5. 5.

    b∈(0,1)indicates that the goods produced by firms 0 and 1 are substitutable.

  6. 6.

    Firm i’s manager is not biased when k i = 1,(i = 0,1).

  7. 7.

    We assume that a>c≥0 and α∈[0,1) in order to ensure the non-negativity of all equilibrium outcomes.

  8. 8.

    As in Matsumura and Okamura (2010), Nakamura and Saito (2013a, 2013b), we regard social welfare as the sum of consumer surplus and the profit of firms 0 and 1, rather than the sum of consumer surplus and the relative profit of firms 0 and 1. Although the CEOs of firms emphasize their relative profit rather than original profit, since their relatively good performance would raise their current and future income, we consider this simply an income transfer. Therefore, in this paper, social welfare is the sum of consumer surplus and the profit of firms 0 and 1.

  9. 9.

    As indicated in Englmaier and Reisinger (2013), Nakamura (2014a, 2014b), the type of rival manager is observable to both firms 0 and 1. Since the identity of the manager of each firm is public information, the type of manager is also observable to the manager of the rival firm; this factor becomes important in the market competition stage.

  10. 10.

    In this paper, we deal with the degree of importance of each firm’s relative performance as exogenous variable, since we investigate the influence of the intensity of competition based on the type of the managers of firms 0 and 1, k 0 and k 1. In another strand of the research on the relative performance approach, Miller and Pazgal (2001) considered the situation in which each firm’s owner endogenously sets the degree of importance of his relative performance as the weight between his absolute profit and the absolute profit of his rival firm in his relative profit.

  11. 11.

    Furthermore, we have

    $$\begin{array}{@{}rcl@{}} \partial {p^{o}_{i}} \left( k_{i}, k_{j} \right) / \partial k_{i} = a \left[2 - b^{2} \left( 1 - \alpha\right) \right] / \left[4 - b^{2} \left( 1 - \alpha\right)^{2} \right] < 0. \end{array} $$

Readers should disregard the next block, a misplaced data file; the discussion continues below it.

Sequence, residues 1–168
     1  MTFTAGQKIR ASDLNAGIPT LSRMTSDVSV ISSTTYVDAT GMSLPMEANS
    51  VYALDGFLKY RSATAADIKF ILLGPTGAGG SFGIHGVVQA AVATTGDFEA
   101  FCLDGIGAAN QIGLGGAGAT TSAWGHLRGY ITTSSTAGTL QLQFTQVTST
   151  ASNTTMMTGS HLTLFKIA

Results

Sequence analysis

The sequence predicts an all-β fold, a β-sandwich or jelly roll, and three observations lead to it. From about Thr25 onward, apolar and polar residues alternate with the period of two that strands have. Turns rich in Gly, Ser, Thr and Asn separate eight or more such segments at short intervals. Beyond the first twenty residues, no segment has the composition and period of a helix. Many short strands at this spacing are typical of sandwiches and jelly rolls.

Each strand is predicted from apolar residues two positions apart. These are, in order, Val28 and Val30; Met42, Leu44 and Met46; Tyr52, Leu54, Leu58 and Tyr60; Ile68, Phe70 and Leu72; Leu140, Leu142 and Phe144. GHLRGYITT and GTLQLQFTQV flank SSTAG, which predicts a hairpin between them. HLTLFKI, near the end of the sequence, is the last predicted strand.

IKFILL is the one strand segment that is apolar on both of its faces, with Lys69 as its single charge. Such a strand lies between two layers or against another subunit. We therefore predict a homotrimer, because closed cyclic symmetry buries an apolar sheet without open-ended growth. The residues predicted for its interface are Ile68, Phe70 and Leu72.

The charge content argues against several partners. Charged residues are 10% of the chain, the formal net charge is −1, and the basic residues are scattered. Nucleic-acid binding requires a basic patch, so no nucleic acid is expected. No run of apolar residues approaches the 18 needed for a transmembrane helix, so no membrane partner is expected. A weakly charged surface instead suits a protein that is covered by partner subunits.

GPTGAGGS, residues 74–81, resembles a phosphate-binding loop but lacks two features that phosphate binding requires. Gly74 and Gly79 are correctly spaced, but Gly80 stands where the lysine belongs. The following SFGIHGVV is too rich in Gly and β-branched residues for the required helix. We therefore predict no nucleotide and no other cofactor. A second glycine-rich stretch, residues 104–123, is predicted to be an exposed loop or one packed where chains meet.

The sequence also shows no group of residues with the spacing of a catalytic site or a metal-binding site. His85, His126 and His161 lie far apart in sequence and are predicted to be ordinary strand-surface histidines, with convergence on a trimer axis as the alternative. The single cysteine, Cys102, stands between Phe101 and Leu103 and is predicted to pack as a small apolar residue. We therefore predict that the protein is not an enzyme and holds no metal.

Thus, as k i increases, p i decreases, implying that market competition becomes more intense as k i increases, (i = 0,1). In addition, we obtain

    $$\begin{array}{@{}rcl@{}} \partial {p^{m}_{i}} \left( k_{i}, k_{j} \right) / \partial k_{j} = - a b \left( 1 + \alpha\right) / \left[4 - b^{2} \left( 1 - \alpha\right)^{2} \right] < 0. \end{array} $$
  12. 12.

    In a private duopoly with network effects à la Katz and Shapiro (1985), Nakamura (2014b) presented the same result and intuition as those obtained in this paper.

  13. 13.

    We thank the anonymous referee for suggesting an extended analysis in this section.


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We are deeply grateful to anonymous referees for helpful comments and suggestions. This research is financially supported by KAKENHI (25870113). All remaining errors are our own.

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Correspondence to Yasuhiko Nakamura.

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Nakamura, Y. Biased Managers as Strategic Commitment in a Mixed Duopoly with Relative Profit-Maximizers. J Ind Compet Trade 15, 323–336 (2015).

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  • Strategic delegation
  • Biased expectations
  • Aggressiveness
  • Quantity competition

JEL Classifications

  • L20
  • L32
  • D43